Remember to learn from others
I won't bore you with the details of personal memories or specific experiences. Life is too short to rewind and playback all those past memories. It is important to look ahead and apply what we have learned during the college years.
I feel sorry for those whose days on the Hanover plain were spent learning the number of alcoholic beverages required for intoxication or those that perfected the art of due date extensions.
Instead, I hope the majority of my classmates learned something about people and more importantly, about themselves. Would that near $100,000 tuition be well spent if each of us came out of Dartmouth only able to read and write and not to live?
In order to survive in the world it seems necessary to understand people more than anything else; better than knowing derivatives, better than translating Arabic, better than reading classic novels. Without people to share this understanding it would be worthless. We should learn from our time on campus before it eventually blends into the great fog of our past.
Last week, during a ritual night out for coffee, I asked some of my close friends to tell me what they learned while at Dartmouth. I had some interesting responses, most sounding like they belong in a book of cliches, but if you think about them long enough, they actually start to make sense --
"Getting your money's worth on a punch is harder than catching a greased hog in Texas on a midsummers day."
It is going to be hard for a while, isn't it? Nobody said that doing what you want would be easy. Let's hope one of our brilliant classmates develops a system that allows us to access everything by BlitzMail and charge everything home on our ID's.
"Confusion usually precedes self-assurance."
I don't know about you, but when it comes to even simple questions, like "what am I going to do with the rest of my life and how am I going to get there?" it is usually necessary to go through a period of complete and utter confusion. But that is okay ... We are young; we don't have to be perfect.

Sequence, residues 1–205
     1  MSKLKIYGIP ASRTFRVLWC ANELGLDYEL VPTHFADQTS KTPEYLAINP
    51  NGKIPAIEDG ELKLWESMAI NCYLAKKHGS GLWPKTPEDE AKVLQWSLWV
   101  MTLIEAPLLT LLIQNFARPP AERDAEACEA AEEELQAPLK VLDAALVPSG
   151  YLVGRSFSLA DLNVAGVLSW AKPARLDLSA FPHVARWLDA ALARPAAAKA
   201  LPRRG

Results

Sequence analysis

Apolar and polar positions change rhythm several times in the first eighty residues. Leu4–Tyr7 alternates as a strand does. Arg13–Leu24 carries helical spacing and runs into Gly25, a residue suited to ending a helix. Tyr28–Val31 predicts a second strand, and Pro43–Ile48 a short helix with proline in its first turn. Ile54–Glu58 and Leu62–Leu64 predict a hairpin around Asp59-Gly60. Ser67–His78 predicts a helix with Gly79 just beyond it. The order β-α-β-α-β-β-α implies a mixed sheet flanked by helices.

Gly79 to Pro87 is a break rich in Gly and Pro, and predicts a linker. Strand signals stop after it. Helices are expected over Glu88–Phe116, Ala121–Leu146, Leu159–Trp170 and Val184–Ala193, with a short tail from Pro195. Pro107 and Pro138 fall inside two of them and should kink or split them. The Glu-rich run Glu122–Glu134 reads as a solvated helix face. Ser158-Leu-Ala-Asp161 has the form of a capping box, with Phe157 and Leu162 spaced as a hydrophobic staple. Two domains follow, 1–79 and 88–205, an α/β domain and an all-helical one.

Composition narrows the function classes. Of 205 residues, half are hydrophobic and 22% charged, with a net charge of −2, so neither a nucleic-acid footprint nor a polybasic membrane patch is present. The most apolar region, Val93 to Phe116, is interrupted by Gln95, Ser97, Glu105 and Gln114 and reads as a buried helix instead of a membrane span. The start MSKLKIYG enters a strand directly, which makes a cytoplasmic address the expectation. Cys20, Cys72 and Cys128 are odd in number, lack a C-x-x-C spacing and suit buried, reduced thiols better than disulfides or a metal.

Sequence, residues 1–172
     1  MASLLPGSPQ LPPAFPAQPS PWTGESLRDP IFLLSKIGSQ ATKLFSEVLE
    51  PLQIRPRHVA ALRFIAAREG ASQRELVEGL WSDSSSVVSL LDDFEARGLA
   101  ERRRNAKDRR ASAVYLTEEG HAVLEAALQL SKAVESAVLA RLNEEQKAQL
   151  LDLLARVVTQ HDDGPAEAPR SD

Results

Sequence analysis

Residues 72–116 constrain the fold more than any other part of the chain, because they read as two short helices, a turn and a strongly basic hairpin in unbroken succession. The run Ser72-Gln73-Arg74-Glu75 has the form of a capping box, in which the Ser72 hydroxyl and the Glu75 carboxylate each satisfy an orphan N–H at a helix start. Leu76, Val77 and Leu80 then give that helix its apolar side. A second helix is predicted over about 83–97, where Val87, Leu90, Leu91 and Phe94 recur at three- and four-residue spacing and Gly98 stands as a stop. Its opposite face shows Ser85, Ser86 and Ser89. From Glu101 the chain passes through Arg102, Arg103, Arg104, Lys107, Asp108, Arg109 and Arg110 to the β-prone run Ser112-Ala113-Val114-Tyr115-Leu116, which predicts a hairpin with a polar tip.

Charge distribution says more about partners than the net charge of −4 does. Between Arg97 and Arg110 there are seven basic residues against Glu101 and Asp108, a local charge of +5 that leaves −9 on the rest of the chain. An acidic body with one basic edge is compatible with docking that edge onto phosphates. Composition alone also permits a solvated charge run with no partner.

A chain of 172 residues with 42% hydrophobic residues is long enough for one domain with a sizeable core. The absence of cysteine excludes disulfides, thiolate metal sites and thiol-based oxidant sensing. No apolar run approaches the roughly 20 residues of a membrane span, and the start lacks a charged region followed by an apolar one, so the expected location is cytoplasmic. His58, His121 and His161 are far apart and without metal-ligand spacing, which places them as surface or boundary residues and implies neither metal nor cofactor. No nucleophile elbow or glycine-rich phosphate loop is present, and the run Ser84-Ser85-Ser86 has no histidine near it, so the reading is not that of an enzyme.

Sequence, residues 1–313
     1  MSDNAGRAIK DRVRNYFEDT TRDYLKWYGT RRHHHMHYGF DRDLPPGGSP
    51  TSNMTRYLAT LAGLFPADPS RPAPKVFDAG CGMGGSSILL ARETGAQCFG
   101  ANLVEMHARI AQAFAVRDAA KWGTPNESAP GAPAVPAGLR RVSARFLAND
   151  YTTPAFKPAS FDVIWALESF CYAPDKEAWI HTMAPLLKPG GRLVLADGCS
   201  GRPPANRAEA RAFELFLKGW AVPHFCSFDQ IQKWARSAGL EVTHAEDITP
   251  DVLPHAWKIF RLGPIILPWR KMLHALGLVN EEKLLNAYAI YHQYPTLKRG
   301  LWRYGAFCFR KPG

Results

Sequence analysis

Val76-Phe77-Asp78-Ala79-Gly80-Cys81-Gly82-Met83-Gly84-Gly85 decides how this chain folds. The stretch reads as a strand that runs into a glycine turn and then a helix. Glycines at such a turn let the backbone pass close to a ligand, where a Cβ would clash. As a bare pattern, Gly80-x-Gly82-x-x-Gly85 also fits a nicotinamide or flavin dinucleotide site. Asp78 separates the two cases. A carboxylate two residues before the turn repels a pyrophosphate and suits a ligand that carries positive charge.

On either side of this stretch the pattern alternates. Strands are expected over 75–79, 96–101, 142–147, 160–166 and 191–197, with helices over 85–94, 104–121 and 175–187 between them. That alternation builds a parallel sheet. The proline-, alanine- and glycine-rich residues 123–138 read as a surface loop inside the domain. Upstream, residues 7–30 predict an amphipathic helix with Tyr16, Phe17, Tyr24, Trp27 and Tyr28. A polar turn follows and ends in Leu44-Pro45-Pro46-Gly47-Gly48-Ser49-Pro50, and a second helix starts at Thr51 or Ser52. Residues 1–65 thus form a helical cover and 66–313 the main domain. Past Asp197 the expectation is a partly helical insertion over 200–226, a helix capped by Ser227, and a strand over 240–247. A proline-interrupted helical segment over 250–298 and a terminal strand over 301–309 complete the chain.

"My parents know more than I thought."
No, really, they do ... No matter how well you get along, no matter how much your opinions differ, they have been around the block (probably more times than they will admit to) and can tell you if there is a bull dog with "huge, nasty, pointy teeth" waiting to devour you or if it looks like clear sailing all the way.
At least try to listen; you owe them that much (and $100,000 more if we are keeping track).
"Getting where you're going takes more than knowing where you're going."
The only way to get where you want to go is to figure out where that is first. To do that you need to talk to the people that know. Learn from others' mistakes and successes.
There is a wealth of information waiting to be read and researched and studied, but before you stick yourself in the middle of that fast-paced whirlpool take time to see what the people around you have to offer and what you have to offer them.
Who knows? In the end of it all you may be lucky enough to learn about something no one can teach you and is not written about in any book ... yourself.